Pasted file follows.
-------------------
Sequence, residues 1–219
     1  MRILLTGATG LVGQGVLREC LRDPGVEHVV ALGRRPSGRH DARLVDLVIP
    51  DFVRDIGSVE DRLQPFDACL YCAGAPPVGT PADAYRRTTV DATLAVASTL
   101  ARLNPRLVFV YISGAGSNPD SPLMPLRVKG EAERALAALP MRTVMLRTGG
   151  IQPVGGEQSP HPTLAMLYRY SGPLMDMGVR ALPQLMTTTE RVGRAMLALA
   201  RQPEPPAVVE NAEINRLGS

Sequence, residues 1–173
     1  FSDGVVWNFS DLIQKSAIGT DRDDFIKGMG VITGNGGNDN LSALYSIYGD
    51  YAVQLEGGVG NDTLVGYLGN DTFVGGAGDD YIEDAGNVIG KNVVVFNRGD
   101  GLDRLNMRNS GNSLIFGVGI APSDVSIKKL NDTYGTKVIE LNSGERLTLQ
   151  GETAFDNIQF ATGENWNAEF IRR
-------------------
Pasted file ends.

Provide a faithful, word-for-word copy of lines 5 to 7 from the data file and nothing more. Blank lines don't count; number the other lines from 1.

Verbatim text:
   151  IQPVGGEQSP HPTLAMLYRY SGPLMDMGVR ALPQLMTTTE RVGRAMLALA
   201  RQPEPPAVVE NAEINRLGS

Sequence, residues 1–173